Quake shakes up thinking

New York installer predicts recent earthquake will create new demand for seismic-certified products
 - 
Thursday, October 20, 2011

WESTBURY, N.Y.—Gamewell-FCI by Honeywell recently announced that its fire alarm and emergency communications systems have earned International Building Code (IBC) seismic certification.

The announcement this fall came after a 5.8 magnitude earthquake struck the East Coast on Aug. 23, and so was very timely, according to Alan Glassman, VP of Classic Systems, a Gamewell-FCI engineered systems distributor based here.

“If you would have asked me a year ago about the importance of seismic listings I would have laughed, to be honest with you,” Glassman told Security Systems News. However, he said, given the recent unusual weather events in the region—the earthquake and then Hurricane Irene, which battered the East Coast in late August, shutting down New York City—“I’m singing a different tune now.”

He believes the earthquake will be a wake-up call to others as well, such as the engineers and specifiers who engineer many of Classic Systems’ projects. He said seismic requirements “have never been in their specs before, but I can tell you I totally expect to see it coming forward.”

His company, he said, also plans to be proactive.

“We’re going to try and make it a specifiable item when we meet with engineers and specifiers,’ Glassman said. “My sales staff and engineering guys, we’re going to kind of push it and make sure that they understand that Gamewell FCI’s panels do have that listing now.” He believes that “will give Gamewell-FCI and consequently Classic Systems a heads up on anybody else.”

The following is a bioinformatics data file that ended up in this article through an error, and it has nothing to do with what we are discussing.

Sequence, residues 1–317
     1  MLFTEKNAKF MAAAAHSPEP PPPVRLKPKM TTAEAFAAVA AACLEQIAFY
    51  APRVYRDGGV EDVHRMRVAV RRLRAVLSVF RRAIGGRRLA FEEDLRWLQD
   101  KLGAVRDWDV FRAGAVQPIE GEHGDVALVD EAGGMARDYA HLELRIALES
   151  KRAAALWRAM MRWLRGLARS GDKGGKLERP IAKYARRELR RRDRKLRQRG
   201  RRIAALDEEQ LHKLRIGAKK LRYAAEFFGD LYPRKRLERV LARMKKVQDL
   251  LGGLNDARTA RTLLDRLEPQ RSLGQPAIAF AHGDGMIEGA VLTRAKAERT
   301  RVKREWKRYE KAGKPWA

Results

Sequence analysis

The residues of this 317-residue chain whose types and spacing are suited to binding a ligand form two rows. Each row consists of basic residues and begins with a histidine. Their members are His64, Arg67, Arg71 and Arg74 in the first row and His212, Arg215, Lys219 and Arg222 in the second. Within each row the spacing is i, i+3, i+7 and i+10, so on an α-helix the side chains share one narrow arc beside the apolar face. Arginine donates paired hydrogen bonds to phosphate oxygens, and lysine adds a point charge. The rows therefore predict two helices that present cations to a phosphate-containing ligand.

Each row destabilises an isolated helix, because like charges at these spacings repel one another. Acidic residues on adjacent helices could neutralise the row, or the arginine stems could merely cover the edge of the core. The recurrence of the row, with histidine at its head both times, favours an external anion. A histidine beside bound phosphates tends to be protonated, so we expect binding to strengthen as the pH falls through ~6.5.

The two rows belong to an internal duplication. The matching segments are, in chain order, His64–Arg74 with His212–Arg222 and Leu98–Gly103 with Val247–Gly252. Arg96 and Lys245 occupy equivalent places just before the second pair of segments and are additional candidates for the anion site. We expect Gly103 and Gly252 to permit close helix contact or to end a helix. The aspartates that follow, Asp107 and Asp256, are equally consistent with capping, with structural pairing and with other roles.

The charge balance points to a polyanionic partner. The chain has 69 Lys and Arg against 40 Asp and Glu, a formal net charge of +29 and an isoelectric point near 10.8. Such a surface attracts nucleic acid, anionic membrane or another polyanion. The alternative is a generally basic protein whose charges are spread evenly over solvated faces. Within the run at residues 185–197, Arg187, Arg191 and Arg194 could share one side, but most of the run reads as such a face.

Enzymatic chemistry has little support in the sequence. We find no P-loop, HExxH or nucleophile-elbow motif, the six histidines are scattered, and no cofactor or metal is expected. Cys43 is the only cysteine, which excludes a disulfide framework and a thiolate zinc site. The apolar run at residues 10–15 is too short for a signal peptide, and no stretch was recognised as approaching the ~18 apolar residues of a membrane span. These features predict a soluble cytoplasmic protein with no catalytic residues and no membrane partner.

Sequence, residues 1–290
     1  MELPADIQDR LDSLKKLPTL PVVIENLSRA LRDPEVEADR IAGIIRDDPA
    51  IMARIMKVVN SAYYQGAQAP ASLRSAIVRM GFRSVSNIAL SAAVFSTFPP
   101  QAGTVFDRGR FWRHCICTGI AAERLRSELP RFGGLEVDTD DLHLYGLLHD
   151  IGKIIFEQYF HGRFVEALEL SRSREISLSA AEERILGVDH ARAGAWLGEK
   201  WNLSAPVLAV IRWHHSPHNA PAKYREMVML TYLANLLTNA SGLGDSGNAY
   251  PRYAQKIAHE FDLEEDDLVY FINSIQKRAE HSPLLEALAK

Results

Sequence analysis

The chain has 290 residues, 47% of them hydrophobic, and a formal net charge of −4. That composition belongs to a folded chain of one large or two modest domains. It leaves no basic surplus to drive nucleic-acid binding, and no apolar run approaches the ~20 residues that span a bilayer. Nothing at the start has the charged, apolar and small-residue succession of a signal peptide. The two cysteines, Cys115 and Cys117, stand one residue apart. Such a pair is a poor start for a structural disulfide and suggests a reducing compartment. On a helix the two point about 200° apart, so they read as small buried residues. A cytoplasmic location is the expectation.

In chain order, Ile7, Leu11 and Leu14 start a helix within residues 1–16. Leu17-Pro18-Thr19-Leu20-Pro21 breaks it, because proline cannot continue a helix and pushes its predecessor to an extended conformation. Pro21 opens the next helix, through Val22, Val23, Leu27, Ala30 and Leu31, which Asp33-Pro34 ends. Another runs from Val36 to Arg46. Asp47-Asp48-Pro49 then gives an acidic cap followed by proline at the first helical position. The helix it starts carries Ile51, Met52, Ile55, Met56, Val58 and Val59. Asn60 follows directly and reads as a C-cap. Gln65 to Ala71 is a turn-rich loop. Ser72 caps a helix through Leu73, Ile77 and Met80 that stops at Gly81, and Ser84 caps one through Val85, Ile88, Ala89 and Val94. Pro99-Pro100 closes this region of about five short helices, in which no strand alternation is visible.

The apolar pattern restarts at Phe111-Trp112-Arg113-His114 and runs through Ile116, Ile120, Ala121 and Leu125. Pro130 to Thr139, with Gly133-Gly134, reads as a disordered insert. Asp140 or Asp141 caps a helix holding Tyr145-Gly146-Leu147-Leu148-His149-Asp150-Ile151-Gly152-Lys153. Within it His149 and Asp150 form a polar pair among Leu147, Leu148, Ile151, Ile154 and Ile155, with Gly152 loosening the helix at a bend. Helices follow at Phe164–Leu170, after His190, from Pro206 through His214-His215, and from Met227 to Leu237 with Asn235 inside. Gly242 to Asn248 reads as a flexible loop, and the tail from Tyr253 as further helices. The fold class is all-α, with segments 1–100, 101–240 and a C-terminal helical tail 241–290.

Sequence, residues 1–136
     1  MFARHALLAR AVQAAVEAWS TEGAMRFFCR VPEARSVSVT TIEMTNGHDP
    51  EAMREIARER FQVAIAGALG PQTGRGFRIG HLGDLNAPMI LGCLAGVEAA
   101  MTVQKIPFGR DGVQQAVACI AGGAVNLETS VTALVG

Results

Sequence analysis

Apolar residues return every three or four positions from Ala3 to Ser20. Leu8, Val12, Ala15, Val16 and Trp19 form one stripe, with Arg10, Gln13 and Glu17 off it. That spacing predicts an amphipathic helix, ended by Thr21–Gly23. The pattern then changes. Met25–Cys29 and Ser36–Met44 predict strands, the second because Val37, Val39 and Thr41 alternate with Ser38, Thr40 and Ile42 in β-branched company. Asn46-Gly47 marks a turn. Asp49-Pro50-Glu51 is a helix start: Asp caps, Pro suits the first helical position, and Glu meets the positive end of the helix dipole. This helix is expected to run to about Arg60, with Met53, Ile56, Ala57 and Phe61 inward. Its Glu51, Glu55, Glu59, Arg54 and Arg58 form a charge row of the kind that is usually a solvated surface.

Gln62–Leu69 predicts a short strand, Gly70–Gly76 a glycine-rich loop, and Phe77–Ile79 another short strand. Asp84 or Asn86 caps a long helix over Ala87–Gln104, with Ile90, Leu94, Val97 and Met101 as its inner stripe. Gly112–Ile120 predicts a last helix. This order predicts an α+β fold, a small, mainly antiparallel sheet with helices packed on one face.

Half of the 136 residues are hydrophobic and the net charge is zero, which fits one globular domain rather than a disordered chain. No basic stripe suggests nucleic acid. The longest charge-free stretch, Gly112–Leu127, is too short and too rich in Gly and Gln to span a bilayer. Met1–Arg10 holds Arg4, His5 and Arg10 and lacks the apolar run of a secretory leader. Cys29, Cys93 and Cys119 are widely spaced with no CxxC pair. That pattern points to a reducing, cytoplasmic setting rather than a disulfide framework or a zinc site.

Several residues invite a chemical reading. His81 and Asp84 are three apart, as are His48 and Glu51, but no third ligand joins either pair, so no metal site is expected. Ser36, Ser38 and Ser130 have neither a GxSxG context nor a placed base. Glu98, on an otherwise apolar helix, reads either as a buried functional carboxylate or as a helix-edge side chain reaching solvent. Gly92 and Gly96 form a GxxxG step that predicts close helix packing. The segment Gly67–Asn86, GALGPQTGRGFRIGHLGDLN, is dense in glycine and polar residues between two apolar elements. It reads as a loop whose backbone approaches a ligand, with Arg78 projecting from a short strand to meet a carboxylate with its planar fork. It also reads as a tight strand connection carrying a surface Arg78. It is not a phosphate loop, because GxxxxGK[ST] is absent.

Classic is a 14-year-old company that serves metropolitan New York and New Jersey from its main New York office and also a satellite office in New Jersey.

Typically, Glassman said, 50 percent of the business the 24-employee company does is fire and the rest security, such as access control and CCTV. However, he said, “this year I would say we’re about 75 percent fire and I think that’s the result of the economy.”

While cash-strapped building owners can put off upgrading their security systems, national and local codes demand fire systems be up to date, Glassman said. “There are mandates and the clients can’t ignore it,” he said.

The company does installation on some smaller jobs, but in New York City, where union rules prevail, it usually does the “parts-and-smarts” and an electrical contractor does the installation based on Classic’s drawings and instructions, Glassman said.

Among Classic’s customers are hotels, and high-rise office and apartment buildings, he said. Also, Glassman said, the company currently is doing the fire alarm system for New York City’s first casino. The 1-million-square-foot Resorts World—actually a racino at the Aqueduct horseracing track in Queens—is slated to open this fall.

“It’s a huge fire alarm project,” said Glassman. “It’s going to be a Gamewell FCI-E3 multi-node system with full voice.”

In the first phase of the project, Classic is providing the fire alarm to the casino portion of the four-story resort, a parking-garage tower and a connecting building, he said. The contract for the job exceeds $500,000, Glassman said.

He said the company hopes in the future to be involved in the plan to eventually have the Gamewell-FCI system monitor the whole facility, including stables and paddocks.